Implications of Philae Magnetometry Measurements at Comet 67P/Churyumov–Gerasimenko for the Nebular Field of the Outer Solar System

John B. Biersteker1, Benjamin P. Weiss1, Philip Heinisch2, David Herčik2, Karl-Heinz Glassmeier2, and Hans-Ulrich Auster2
Astrophysical Journal 875, 39 Link to Article [DOI: 10.3847/1538-4357/ab0f2a ]
1Department of Earth, Atmospheric, and Planetary Sciences, Massachusetts Institute of Technology, 77 Massachusetts Avenue, Cambridge, MA 02139-4307, USA
2Technische Universität Braunschweig, Mendelssohnstrasse 3, D-38106 Braunschweig, Germany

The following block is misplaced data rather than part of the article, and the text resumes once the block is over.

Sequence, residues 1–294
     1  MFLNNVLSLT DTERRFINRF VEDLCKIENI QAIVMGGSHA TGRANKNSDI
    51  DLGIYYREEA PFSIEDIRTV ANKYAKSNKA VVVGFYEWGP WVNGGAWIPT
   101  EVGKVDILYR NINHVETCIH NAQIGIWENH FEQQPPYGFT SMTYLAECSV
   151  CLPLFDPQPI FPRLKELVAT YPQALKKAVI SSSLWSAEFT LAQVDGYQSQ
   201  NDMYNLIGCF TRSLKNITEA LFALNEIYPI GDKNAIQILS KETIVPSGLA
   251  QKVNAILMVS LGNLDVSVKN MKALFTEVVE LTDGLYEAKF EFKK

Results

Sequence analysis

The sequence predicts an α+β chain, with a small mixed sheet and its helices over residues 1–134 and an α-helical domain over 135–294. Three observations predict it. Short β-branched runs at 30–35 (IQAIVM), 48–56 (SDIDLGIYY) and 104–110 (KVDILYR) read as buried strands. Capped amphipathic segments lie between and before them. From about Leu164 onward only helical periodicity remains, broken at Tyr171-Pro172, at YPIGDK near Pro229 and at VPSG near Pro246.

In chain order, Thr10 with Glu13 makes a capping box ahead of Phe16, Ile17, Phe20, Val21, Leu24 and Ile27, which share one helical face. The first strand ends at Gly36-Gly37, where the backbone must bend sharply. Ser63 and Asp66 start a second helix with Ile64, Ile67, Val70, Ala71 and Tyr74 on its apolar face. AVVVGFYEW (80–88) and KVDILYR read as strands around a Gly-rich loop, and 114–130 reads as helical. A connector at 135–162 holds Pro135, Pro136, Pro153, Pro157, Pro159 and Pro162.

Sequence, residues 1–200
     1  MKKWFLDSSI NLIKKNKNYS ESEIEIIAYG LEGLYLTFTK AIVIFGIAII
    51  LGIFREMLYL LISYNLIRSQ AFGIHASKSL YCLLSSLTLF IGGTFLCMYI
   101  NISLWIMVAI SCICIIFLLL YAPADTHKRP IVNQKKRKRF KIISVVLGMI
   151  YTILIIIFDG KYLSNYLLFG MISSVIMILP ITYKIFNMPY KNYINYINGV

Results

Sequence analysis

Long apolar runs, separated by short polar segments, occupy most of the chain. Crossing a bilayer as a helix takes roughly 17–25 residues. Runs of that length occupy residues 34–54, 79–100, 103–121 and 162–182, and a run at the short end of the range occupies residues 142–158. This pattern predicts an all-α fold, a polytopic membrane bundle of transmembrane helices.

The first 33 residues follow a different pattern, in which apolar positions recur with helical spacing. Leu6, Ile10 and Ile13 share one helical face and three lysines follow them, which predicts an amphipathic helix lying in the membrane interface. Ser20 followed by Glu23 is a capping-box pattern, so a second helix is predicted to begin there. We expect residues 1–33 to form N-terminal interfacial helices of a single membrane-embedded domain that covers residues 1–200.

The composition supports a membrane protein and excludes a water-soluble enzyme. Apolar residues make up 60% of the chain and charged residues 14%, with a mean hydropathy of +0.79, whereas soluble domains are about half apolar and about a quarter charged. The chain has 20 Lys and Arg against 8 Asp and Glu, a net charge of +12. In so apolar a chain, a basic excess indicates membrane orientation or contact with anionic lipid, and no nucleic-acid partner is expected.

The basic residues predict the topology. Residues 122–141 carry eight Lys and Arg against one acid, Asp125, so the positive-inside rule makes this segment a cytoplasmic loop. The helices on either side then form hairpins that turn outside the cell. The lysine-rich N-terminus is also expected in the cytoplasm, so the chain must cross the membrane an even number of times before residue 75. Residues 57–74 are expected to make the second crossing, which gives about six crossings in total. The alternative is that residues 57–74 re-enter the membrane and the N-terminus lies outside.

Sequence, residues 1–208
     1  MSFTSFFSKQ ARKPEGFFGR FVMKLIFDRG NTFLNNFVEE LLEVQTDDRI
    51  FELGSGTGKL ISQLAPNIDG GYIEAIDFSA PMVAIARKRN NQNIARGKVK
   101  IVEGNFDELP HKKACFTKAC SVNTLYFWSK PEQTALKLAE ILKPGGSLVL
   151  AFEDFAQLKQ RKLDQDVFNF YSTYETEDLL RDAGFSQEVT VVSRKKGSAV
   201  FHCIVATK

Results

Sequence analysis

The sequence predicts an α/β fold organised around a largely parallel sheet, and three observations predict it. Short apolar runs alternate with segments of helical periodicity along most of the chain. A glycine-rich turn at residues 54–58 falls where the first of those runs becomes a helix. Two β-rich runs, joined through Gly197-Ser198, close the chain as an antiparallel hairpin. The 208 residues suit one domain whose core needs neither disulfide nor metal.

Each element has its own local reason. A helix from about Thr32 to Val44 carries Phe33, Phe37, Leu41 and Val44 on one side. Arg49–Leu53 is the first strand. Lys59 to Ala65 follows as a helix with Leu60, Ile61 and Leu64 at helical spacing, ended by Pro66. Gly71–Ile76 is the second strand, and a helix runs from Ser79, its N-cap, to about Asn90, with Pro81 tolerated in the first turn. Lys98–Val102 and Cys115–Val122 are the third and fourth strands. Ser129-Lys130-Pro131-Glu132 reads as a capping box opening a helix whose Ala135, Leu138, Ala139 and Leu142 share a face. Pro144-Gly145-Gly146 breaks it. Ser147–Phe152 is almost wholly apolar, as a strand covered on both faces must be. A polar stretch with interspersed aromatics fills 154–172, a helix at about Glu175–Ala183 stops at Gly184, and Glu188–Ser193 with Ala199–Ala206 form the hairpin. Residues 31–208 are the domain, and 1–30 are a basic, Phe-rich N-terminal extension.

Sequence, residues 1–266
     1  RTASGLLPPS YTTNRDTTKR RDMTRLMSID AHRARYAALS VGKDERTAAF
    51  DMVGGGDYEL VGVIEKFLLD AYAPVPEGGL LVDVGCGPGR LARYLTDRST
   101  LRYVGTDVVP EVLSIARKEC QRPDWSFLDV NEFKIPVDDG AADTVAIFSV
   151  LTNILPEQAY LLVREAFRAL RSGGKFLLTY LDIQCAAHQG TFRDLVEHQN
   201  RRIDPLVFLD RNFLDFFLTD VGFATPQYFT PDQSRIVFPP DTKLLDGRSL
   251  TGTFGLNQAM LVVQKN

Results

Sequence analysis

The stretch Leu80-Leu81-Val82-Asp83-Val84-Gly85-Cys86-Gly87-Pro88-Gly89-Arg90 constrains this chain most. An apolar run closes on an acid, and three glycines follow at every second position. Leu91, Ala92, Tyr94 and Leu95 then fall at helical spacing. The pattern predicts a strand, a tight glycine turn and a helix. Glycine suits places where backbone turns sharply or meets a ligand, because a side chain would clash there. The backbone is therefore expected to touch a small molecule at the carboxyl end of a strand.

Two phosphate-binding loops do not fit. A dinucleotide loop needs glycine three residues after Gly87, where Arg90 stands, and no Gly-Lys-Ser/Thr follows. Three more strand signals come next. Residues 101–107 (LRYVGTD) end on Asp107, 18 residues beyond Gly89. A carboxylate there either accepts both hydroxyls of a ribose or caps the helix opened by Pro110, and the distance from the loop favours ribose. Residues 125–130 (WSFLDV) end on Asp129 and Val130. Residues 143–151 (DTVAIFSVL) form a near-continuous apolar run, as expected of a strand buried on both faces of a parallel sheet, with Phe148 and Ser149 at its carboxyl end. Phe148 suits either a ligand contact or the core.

The remanent magnetization of solar system bodies reflects their accretion mechanism, the space environment in which they formed, and their subsequent geological evolution. In particular, it has been suggested that some primitive bodies may have formed large regions of coherent remanent magnetization as a consequence of their accretion in a background magnetic field. Measurements acquired by the Rosetta Magnetometer and Plasma Monitor have shown that comet 67P/Churyumov–Gerasimenko (67P) has a surface magnetic field of less than 0.9 nT. To constrain the spatial scale and intensity of remanent magnetization in 67P, we modeled its magnetic field assuming various characteristic spatial scales of uniform magnetization. We find that for regions of coherent magnetization with ≥10 cm radius, the specific magnetic moment is  lesssim× 10−6 ${\rm{A}}\,{{\rm{m}}}^{2}\,{\mathrm{kg}}^{-1}$. If 67P formed during the lifetime of the solar nebula and has not undergone significant subsequent collisional or aqueous alteration, this very low specific magnetization is inconsistent with its formation from the gentle gravitational collapse of a cloud of millimeter-sized pebbles in a background magnetic field gsim3 μT. Given the evidence from other Rosetta instruments that 67P formed by pebble-pile processes, this would indicate that the nebular magnetic field was lesssim3 μT at 15–45 au from the young Sun. This constraint is consistent with theories of magnetically driven evolution of protoplanetary disks.

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